what are the signs of bad shock.
How many volts?
Seriously, however, if we are talking about shock absorbers (rather than struts), the old “bounce test” is fairly reliable. Push very hard on one corner of the car. If it does not stop bouncing within one down motion and one up motion, then the shock absorber on that wheel is shot. Shocks are always replaced in an axle set (both front shocks, or both rear shocks, or even better–all 4 at the same time).
Without even doing the bounce test, if you experience continued bouncing of the car after it has gone over a bump–or even over a dip in the road–then the shock absorbers are due for replacement. You should have a ride that feels “in control”, rather than a ride consisting of constant up and down motions.
A car with no shocks at all would bounce down the road. When you hit a bump you compress the spring and the spring rebounds making the car bounce. The shock allows the wheel to move but limits the rebounding so there is no bounce.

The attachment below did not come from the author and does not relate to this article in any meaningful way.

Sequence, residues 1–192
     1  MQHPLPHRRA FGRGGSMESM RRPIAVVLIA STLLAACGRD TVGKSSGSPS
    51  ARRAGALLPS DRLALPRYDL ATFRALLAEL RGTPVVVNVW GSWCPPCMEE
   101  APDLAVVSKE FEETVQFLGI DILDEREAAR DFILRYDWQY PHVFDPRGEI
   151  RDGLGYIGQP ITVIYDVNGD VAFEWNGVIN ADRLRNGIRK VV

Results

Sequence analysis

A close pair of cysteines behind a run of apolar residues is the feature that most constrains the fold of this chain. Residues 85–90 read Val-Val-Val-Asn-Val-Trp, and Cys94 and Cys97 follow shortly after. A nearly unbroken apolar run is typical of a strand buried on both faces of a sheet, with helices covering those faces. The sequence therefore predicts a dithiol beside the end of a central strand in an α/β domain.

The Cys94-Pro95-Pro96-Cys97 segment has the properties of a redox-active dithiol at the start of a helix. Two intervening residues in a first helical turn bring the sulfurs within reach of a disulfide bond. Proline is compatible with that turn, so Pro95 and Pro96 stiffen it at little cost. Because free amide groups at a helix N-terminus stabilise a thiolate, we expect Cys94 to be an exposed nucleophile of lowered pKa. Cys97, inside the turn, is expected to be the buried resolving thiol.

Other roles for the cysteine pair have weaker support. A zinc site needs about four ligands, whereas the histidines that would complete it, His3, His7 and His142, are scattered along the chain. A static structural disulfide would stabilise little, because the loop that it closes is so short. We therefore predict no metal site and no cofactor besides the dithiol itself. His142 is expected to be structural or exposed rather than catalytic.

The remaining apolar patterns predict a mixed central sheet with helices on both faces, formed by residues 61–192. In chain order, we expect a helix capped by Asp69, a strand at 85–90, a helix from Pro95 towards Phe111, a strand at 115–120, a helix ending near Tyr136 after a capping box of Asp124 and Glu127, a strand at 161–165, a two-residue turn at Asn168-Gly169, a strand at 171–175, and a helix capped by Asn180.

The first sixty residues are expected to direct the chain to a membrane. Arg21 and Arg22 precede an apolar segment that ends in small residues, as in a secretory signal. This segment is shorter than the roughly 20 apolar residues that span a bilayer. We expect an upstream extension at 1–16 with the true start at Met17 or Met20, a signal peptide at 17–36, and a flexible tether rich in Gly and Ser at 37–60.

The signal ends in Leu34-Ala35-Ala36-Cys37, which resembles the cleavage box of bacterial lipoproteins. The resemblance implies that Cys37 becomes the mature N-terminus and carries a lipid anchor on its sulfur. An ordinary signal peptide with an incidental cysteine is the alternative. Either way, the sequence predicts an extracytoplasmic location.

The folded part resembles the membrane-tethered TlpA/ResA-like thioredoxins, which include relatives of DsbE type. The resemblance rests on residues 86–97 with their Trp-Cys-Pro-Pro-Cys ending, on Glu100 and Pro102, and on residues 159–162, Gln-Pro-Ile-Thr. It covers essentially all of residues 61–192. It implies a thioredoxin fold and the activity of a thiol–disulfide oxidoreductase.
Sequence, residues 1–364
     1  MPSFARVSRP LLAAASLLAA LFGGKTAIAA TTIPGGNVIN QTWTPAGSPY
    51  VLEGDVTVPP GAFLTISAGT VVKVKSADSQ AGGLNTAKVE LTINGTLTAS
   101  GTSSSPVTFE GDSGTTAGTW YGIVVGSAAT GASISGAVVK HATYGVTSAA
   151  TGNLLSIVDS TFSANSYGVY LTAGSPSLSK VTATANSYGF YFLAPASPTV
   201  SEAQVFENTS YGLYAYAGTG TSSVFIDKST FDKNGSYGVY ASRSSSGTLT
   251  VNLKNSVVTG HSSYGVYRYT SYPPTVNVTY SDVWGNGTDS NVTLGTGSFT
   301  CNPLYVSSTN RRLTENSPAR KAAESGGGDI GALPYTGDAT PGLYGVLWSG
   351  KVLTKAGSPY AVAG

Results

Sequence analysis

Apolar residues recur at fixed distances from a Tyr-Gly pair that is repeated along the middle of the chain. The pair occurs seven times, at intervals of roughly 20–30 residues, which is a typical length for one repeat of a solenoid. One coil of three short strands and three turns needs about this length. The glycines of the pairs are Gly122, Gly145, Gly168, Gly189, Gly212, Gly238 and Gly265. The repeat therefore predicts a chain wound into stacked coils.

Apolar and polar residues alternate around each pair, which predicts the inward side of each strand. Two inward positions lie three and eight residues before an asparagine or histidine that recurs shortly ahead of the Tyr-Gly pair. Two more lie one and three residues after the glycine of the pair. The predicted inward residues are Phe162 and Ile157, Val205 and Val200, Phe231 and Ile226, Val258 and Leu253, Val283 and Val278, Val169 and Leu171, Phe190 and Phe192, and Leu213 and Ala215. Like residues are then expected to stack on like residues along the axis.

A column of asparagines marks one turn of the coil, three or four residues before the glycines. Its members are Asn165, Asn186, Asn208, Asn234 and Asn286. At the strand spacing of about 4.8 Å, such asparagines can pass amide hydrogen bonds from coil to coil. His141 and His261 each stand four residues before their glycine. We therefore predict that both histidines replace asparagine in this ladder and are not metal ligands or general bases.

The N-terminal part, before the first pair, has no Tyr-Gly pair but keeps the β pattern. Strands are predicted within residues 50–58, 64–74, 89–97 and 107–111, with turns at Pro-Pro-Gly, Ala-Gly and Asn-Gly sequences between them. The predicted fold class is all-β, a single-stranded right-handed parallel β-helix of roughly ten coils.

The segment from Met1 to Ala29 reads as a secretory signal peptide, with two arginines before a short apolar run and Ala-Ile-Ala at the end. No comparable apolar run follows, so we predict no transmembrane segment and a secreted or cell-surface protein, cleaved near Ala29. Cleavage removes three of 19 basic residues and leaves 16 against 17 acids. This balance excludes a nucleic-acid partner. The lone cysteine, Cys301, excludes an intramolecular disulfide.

Therefore you test to detect bounce. Push down on each corner of the car and try to get it rocking a bit, then release your pressure and see it the car quickly comes to rest. If it continues to bounce up and down a bit, then the shock is bad.
You can also feel if one side of the front or back is significantly easier to push down than the other side. The easier side has a weakened shock.
Sometimes you can visually see fluid leaking from a bad shock when the car is on a lift.
I’d bet that if you could tell us more, we might be able to give more complete answers.
For starter’s Make model and year of car. How about the number of miles. Why do you ask the question? Do you think it might need them? Why? Have they ever been replaced? Has someone suggested you need to replace them (like your local fast lube place?)
Choppy tire wear is another sign of possibly bad shocks.
how old is the Jeep,
how many miles does it have on it,
have you had a problem that you’re not telling us,
how are the tires wearing,
and why did you ask the question?